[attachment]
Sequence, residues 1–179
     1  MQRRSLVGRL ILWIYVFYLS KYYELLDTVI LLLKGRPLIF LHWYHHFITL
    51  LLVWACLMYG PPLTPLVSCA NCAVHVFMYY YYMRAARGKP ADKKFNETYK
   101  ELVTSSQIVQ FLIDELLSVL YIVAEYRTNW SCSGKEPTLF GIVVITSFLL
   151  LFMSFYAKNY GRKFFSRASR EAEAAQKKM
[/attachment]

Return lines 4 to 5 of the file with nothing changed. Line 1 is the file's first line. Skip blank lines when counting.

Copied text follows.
   101  ELVTSSQIVQ FLIDELLSVL YIVAEYRTNW SCSGKEPTLF GIVVITSFLL
   151  LFMSFYAKNY GRKFFSRASR EAEAAQKKM